NEXT ADVISORY
-------------
NEXT COMPLETE ADVISORY...500 AM EDT.

$$
FORECASTER STEWART

Monday, August 09, 2010

Digital Mode Programs That Work #3: SeaTTY

Recently, I read a rather impromptu test done by WZ7I. It seemed to indicate that a popular ham program called TrueTTY actually had better "sensitivity" than a tweaked version of the older MMTTY, which I'd always figured was the hot setup.

This got me interested, since I'd used TrueTTY in the past, and liked it. So I went to the DXSoft site where the clever Russian programmer Sergei Podstrigailo, UA9OSV, has his latest stuff.

What I noticed, though, is that his other NBDP program, called SeaTTY, was starting to look like a better deal for users who wanted to concentrate on receiving, especially in the maritime bands. Needless to say, I grabbed it, in version 2.30.

SeaTTY looks like TrueTTY, with the same sleek user interface showing the FFT amplitude plot at the top and the bit scope at the bottom. Its purpose, though, is not making ham QSOs. It's listed as a "weather messages decoder," and indeed it's set up to facilitate the unattended grabbing and filing of same.

Modes decoded are RTTY, Navtex/ Sitor-B, DSC (HF/VHF), HF FAX, and NWR-SAME. The latter is a VHF signaling mode used by weather broadcasts to target specific areas.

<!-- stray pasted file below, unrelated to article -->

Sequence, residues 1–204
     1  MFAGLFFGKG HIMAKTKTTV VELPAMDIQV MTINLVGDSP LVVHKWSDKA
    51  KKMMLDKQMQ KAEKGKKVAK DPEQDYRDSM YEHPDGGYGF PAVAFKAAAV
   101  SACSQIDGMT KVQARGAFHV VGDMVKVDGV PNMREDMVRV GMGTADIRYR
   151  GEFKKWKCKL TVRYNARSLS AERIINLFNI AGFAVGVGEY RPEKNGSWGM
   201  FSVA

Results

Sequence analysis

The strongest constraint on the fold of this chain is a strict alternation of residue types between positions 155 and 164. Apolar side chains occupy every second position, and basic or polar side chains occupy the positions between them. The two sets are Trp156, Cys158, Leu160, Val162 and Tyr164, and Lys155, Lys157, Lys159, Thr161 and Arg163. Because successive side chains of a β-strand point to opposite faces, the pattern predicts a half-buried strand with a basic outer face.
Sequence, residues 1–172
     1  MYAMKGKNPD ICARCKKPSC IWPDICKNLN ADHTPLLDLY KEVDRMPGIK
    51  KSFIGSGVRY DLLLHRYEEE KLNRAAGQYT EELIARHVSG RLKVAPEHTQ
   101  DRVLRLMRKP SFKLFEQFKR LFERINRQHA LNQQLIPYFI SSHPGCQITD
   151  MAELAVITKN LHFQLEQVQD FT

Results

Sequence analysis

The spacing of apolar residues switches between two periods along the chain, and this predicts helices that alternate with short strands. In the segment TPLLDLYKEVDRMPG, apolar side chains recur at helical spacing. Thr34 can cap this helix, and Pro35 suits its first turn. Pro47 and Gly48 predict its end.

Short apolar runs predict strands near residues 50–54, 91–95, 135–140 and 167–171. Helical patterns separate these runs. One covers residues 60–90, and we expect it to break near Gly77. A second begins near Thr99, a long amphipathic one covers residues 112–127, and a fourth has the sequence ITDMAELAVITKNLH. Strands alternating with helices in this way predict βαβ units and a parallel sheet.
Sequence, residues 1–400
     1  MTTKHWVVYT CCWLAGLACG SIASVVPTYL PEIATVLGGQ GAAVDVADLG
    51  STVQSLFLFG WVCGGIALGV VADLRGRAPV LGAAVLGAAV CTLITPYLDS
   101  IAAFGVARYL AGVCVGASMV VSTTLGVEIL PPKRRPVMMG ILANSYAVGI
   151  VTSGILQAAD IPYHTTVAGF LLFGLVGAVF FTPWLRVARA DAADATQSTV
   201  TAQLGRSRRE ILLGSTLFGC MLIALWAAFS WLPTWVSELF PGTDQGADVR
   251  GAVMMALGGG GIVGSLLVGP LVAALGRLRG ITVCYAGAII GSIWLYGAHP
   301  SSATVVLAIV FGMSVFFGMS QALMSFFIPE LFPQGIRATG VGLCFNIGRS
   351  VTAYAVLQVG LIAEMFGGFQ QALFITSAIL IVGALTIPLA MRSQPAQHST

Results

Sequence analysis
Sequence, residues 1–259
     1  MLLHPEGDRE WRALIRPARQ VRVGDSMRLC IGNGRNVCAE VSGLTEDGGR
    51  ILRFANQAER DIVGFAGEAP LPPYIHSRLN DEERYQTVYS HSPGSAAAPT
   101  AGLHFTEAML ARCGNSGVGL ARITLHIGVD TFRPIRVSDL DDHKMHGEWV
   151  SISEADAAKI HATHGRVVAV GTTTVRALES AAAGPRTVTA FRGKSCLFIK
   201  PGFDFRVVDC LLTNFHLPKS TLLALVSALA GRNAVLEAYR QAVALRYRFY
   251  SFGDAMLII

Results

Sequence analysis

I put SeaTTY to work on the longwave RTTY weather broadcast from Hamburg/Pinneberg Meteo in Germany, as received by the WebSDR in the Netherlands. It started up, spat out a few garbage characters, then happily produced a steady 100% decode. I ran MMTTY and SkySweeper alongside, and MMTTY was also 100%. SkySweeper was good, but produced the inexplicable character errors I've come to expect from its RTTY mode.

This was too easy. I waited for propagation, and gave it the RTTY weather from CFH in Halifax, NS. This is never a good path to SoCal, and the geomagnetic storm had left some extra fading. Interestingly, SeaTTY and MMTTY produced about the same percentage of characters decoded, but messed up in different places. While the decode rate was about the same, SeaTTY actually produced somewhat more readable copy.

SeaTTY was about as good as DSCDecoder on Navtex and HF Sitor-B weather. It files successful Navtex decodes in a slick directory tree structure, with the copy showing in a window alongside. The save is automatic, as long as the Telex start code (ZCZC) and end code (NNNN) are detected.

DSC decode shows as a numeric dump of the raw symbols, but clicking the time stamp produces the message. The only missing feature compared to DSCDecoder is the instant lookup of MMSI numbers in the ITU database.

Where I really had fun, though, was the FAX. It's a very well thought out interface for this mode. Finally, there's a FAX decoder as intuitive and generally slick as the old JVComm, but which doesn't print "Demo" all over your faxes until you pony up. (SeaTTY, like DSCDecoder, waits a set number of days, then sulks until you pay. It's $35 and easy to register.)